April 19, 2013 6:32 pm
Whatever consensus emerges about the motivations of Dzhokar and Tamerlan Tsarnaev, the brothers suspected of the Boston marathon bombs, it is likely to shape US counter-terrorism for years to come. It is vital to stick to what we know. The Federal Bureau of Investigation and the Massachusetts State Police have done an impressive job of sifting the evidence and enlisting the public in their manhunt, which has already claimed the life of one police officer. So too have Boston’s hospitals and fire services. Everyone else should be wary of the fog of half-fact, retracted claims, rumour and denial that proliferates at such moments.
So much is still hazy. As the FT went to press, it was not clear whether the Tsarnaev brothers were acting alone, or whether they were part of a larger ideological group with links to Islamists in the Caucasus and beyond. Should it be the latter, it is unclear whether their Muslim faith played a role, or whether their radicalisation had its roots in the brutal Russian response to the rebellion in their native Chechnya in the late 1990s. Were they isolated or part of a group? Homegrown or imported? Were they one-offs or part of a larger pattern?
Until we are sure of the answers, generalisations should be treated with suspicion. On Friday Chuck Grassley, the Iowa senator, linked the Tsarnaev brothers’ foreign-born status to proposals for comprehensive US immigration reform, which he opposes. There is no link between the Senate’s draft immigration bill and the ghastly events in Boston. The brothers were legal refugees who were partly schooled in the US. It would make as much sense to scapegoat undocumented Hispanic workers as to close down the Boston high schools the brothers attended. This is irresponsible politics.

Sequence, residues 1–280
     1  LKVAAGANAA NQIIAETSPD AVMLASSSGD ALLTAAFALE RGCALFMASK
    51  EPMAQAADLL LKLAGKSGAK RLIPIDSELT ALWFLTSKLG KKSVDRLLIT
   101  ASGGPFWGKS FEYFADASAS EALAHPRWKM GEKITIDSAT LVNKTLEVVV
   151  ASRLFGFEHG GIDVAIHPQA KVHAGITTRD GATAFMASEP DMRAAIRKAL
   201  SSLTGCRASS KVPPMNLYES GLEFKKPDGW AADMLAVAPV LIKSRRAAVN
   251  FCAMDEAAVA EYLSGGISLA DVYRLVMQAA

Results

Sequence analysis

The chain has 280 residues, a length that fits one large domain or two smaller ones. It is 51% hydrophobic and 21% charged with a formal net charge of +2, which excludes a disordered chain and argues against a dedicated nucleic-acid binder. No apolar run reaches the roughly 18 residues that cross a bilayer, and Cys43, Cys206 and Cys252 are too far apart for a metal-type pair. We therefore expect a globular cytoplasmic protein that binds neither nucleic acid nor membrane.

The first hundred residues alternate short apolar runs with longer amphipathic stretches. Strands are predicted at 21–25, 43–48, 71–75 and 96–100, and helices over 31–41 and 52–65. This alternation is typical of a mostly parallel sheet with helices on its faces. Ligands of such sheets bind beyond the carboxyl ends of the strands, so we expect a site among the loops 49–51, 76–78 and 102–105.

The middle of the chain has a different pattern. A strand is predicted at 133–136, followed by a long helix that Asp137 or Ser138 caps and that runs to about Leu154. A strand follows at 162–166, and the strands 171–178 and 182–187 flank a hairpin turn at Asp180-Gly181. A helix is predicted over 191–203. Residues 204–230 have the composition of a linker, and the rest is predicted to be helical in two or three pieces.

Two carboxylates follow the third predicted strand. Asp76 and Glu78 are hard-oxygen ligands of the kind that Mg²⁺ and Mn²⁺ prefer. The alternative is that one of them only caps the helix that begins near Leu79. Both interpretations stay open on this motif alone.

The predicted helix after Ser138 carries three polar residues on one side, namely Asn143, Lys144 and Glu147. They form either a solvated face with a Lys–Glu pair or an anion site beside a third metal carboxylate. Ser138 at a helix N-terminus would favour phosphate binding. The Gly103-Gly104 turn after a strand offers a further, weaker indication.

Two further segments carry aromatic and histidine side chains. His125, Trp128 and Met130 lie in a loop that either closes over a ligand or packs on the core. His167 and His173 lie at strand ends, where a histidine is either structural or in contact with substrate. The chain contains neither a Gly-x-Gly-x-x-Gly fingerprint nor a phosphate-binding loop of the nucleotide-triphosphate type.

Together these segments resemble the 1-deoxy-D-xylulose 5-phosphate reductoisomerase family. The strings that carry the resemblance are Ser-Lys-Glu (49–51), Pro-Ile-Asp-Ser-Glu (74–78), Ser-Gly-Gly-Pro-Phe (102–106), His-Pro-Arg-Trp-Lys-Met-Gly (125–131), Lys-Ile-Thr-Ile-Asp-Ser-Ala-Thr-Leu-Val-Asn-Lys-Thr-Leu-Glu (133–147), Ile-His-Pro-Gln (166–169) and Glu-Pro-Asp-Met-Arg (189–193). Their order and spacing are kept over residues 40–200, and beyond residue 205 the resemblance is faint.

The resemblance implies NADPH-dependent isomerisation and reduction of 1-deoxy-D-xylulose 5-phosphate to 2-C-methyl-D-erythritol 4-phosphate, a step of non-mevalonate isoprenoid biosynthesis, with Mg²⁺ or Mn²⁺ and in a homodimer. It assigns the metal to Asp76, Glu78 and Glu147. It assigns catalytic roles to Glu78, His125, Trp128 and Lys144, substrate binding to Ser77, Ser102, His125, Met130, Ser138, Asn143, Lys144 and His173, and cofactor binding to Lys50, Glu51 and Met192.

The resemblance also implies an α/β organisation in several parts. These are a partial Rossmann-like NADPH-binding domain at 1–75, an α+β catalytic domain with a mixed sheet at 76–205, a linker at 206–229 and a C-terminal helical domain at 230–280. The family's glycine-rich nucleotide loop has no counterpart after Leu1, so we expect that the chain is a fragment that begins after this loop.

There are legitimate questions we can already ask. The two brothers were able to acquire explosives, firearms and bomb-making equipment with apparent ease. There may be lessons that the FBI can learn from the UK, France and others about how to monitor potential homegrown terrorists. These, in turn, will raise questions about the brothers’ easy access to material that can kill on a large scale. Three lives were tragically cut short on Monday. It could easily have been 30. Given that the suspects had firearms, it was unfortunate that the US Senate this week shot down a bill to tighten background checks on gun purchases.
Finally, public calm remains paramount. Residents of Boston on Friday must have felt they had awoken to martial law. Let us hope the presence of large numbers of armed police on empty rush-hour streets proves to be a one-off. It is not a fate anyone should wish on America.
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